Built between 1861 and 1881, the Old New York County Courthouse (a.k.a. Tweed Courthouse) represents one of Boss Tweed's most notorious schemes to embezzle money from the city's coffers for himself and his Tammany Hall confederates. All the costs of construction were greatly inflated, with the excess going directly into the pockets of the so-called "Tweed Ring". A particularly egregious example of this graft: the plasterer, a Tammany crony, did two days' worth of work and was paid $133,187 — somewhere around 2.3 million of today's dollars! Tweed was eventually convicted of forgery and larceny in 1873 after being tried, fittingly, in an unfinished courtroom in this very building.
Judged on its own merits, the courthouse is a lavish work of artistry and craftsmanship (photos here), but it was long reviled because of its negative associations with greed and corruption. The NY Times reports:
By [the time it opened], the courthouse had become a looming symbol of public betrayal.The courthouse (which has not actually been used as a courthouse since 1961, when it became a municipal office building) languished for much of the 20th century, falling into disrepair (perfectly captured in this photo). Its front staircase was chopped off to make way for a street widening and vines began to overtake the portico. A painstaking (and extremely expensive...) renovation completed in 2001 brought the place back to life, however, restoring its opulence and grandeur (and even its staircase).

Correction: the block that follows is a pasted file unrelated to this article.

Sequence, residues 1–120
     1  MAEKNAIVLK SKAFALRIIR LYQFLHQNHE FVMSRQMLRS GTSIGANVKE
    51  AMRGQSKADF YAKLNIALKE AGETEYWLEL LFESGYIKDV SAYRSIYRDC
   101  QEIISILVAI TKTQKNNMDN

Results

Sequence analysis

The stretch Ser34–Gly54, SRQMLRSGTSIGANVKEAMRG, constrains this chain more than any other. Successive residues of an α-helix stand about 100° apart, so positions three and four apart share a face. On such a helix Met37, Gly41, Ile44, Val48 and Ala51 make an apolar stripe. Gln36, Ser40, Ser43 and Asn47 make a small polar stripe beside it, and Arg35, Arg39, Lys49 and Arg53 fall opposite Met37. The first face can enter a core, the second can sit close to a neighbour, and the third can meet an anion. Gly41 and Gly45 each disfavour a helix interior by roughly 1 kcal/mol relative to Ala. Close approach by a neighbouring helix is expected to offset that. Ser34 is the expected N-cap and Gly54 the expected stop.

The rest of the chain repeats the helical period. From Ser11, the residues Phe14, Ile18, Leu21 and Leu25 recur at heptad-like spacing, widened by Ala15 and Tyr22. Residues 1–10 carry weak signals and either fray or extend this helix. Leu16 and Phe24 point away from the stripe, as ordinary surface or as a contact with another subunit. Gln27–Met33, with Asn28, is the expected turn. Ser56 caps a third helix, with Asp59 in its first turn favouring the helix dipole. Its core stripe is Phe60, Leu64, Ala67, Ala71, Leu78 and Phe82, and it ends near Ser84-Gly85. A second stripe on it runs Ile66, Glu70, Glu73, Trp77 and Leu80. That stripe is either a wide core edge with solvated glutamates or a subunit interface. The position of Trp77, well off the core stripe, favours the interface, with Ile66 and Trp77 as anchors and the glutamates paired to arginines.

"The whole atmosphere is corrupt," said George C. Barrett, a reformer from that time. "You look up at its ceilings and find gaudy decorations; you wonder which is the greatest, the vulgarity or the corruptness of the place."
Such visceral reactions blinded people to the building's merits, according to several historians and architects. They say the building is a striking 19th-century structure, with marble walls, a Corinthian portico and a beautiful skylight rotunda.
There were plans for the Museum of the City of New York to move in after things were fixed up, but Mayor Bloomberg decided instead to relocate the Department of Education's headquarters to the courthouse instead. And just this year, a small public school opened on the premises; it will be housed here until 2015, when its own building is ready. In the meantime, this is going to be the world's snazziest kindergarten.
By the way, the city offers free tours of Tweed Courthouse! You can sign up here.